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Vol. 23, No. 2: Summer 2017

Taming the Wild Side of Bonaventure

Tourism and the Contested Southern Landscape

by William D. Bryan

In 1869, twenty-nine-year-old John Muir left his home in Indianapolis and began to walk south. With Florida as his goal, Muir botanized his way through Kentucky, Tennessee, North Carolina, and Georgia, before stopping in Savannah. There, he ran out of money and had to spend almost a week “camping among the tombs” in Bonaventure Cemetery, a private cemetery just a few miles outside the city. Muir marveled at Bonaventure’s landscape, and declared it “one of the most impressive assemblages of animal and plant creatures I ever met”—high praise from the future founder of the Sierra Club. Although intended for the dead, the cemetery was a living ecosystem replete with Spanish moss, bald eagles, “large flocks of butterflies, [and] all kinds of happy insects,” and he observed that “the few graves are powerless in such a depth of life.” For Muir, Bonaventure showed that humans were only a small part of nature’s cycles of life and death, and he took pleasure in watching the efforts of humans fade into the timeless processes of nature. Where several owners had attempted to ornament their plots with landscaping, Muir noted “how assiduously Nature seeks to remedy these labored art blunders” by “corrod[ing] the iron and marble, and gradually level[ing] the hill,” erasing these human marks on the landscape with “strong evergreen arms laden with fern and tillandsia drapery . . . spread all over.” Muir’s final impression was of Bonaventure as a place where life was “at work everywhere, obliterating all memory of the confusion of man.”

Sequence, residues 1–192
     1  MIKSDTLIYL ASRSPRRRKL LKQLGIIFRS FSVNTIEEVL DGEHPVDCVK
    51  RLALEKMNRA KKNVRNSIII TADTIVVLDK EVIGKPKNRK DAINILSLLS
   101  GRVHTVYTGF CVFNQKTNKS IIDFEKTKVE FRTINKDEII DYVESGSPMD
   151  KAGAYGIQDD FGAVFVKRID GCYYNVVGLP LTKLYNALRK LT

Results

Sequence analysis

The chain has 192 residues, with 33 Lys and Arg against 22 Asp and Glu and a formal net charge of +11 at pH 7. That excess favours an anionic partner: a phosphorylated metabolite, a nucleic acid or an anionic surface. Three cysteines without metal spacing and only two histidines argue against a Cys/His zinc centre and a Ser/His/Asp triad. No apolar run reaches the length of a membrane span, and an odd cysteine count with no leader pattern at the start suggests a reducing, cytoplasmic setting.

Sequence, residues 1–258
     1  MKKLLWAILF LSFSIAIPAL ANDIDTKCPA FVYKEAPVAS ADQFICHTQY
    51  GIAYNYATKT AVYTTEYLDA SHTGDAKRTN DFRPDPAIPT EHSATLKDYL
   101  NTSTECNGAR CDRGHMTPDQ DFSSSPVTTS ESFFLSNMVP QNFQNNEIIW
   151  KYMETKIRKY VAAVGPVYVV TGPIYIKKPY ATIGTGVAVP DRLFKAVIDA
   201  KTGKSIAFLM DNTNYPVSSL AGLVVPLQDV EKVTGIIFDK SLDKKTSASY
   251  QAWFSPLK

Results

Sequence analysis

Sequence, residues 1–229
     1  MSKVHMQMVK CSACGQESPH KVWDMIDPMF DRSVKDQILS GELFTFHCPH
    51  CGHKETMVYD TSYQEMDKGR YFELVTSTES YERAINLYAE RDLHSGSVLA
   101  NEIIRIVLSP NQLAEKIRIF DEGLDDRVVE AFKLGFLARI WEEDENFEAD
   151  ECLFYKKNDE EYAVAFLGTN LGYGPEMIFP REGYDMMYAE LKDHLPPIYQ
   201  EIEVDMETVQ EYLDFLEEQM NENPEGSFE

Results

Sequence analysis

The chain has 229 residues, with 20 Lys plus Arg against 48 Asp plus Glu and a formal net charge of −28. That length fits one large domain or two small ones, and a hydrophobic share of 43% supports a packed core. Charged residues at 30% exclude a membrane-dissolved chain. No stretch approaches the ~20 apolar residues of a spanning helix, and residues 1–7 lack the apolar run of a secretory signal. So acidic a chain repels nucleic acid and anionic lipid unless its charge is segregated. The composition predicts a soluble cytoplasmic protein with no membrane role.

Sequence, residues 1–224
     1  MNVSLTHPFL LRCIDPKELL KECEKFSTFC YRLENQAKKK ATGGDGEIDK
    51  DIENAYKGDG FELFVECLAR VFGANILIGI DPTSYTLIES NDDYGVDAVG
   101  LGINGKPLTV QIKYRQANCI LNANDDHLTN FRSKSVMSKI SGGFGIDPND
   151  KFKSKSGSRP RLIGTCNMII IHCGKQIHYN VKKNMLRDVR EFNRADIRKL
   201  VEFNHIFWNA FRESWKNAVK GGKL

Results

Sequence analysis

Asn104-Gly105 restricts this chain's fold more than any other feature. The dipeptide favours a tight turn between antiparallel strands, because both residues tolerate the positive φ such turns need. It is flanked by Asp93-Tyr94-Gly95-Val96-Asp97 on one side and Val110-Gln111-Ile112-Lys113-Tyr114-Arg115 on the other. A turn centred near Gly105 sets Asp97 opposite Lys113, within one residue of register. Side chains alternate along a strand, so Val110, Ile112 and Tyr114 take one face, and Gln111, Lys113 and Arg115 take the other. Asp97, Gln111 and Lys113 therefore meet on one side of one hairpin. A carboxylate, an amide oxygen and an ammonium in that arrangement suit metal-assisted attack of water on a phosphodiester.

This article appears as an abstract above, the complete article can be accessed in Project Muse
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